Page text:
OnePlus came out with several phones after the OnePlus One, but there was a general price creep over the generations. This gradual bumping up of the price tag faded the allure off the Flagship Killer title, and somewhere along the way, OnePlus smartphones could no longer do complete justice to the Flagship Killer legacy of the OnePlus One.
A spiritual successor to the title came to us from a different OEM in 2018. POCO, a Xiaomi sub-brand back then, entered the Indian market with the POCO F1. The POCO F1 built upon the same principles that the OnePlus One had adopted — fast performance, but a mediocre display, a mediocre camera (but maybe not so mediocre after all), and a less-appealing build. The company and the audience embraced these compromises in lieu of getting flagship performance at a fraction of the flagship price. The POCO F1 started off at a price tag of ₹20,999 in India (~$380 equivalent in Europe), which was a fraction of the OnePlus 6‘s ₹34,999 / $529 launch price tag, and less than half of the Samsung Galaxy S9‘s ₹57,900 / $720 launch price tag.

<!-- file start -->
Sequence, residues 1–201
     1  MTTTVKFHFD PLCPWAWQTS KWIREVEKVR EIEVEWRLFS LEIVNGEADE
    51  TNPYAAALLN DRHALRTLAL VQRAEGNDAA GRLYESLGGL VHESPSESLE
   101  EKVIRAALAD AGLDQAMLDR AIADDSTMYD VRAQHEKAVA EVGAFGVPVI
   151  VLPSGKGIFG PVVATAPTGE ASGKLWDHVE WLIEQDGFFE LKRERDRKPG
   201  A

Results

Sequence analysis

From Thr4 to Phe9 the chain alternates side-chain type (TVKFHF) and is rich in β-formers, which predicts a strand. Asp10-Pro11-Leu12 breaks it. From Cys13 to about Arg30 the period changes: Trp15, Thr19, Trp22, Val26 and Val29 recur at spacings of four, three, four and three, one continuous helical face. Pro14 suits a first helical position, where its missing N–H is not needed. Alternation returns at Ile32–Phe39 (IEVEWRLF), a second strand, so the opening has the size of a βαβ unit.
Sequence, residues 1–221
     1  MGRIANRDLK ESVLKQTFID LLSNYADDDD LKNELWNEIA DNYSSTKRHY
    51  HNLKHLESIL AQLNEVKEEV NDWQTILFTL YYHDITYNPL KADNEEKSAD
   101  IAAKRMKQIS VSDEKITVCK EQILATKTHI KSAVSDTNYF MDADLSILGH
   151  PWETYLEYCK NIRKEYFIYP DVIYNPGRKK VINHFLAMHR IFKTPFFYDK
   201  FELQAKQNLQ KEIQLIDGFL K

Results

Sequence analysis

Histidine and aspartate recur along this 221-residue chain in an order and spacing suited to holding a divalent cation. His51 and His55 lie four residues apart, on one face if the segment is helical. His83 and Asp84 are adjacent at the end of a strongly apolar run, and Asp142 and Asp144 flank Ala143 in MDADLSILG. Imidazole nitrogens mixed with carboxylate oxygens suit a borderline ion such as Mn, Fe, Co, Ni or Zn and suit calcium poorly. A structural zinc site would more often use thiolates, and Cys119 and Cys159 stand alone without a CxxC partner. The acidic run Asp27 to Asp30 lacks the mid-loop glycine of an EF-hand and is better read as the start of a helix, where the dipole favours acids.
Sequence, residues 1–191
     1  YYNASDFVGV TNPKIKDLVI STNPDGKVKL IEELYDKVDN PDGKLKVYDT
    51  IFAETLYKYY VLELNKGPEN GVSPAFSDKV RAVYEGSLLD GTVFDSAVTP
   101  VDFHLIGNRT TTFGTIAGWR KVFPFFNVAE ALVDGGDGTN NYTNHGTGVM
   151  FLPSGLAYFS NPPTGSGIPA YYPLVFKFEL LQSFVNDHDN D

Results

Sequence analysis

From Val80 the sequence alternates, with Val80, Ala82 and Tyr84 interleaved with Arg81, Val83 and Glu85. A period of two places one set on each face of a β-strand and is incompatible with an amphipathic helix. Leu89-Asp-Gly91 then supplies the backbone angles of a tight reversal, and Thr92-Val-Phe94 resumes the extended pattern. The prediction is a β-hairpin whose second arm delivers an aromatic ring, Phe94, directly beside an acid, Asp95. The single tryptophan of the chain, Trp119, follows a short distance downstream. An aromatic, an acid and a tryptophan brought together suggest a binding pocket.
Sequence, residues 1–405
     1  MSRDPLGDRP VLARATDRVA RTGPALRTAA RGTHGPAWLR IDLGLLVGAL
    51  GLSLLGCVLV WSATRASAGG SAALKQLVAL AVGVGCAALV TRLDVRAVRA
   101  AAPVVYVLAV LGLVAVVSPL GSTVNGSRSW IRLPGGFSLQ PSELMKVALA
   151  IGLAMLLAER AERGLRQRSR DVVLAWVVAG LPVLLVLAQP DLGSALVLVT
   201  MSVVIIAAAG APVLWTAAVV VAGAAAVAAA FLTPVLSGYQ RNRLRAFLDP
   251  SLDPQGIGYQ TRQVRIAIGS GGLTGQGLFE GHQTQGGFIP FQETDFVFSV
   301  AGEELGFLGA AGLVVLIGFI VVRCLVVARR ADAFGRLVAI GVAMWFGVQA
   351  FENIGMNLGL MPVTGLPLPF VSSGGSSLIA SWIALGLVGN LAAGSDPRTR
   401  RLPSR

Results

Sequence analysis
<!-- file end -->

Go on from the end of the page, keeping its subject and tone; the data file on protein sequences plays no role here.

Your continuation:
Whether it be the OnePlus One or the POCO F1, the idea behind the “Flagship Killer” remained the same — provide the best, top-of-the-line SoC (usually from Qualcomm), complement it with other key advancements in RAM and storage technology, sprinkle it with a few other niceties as far as the budget allows, and deliver it at an affordable price tag of $300-$400 — that is a fraction of the price of other conventional and “premium” flagships. Flagship killers thus democratized flagship performance, a feature that used to remain exclusive to premium flagships, as they lowered the bar of affordability. For users that preferred function over form, flagship killers provided the best bang for their buck.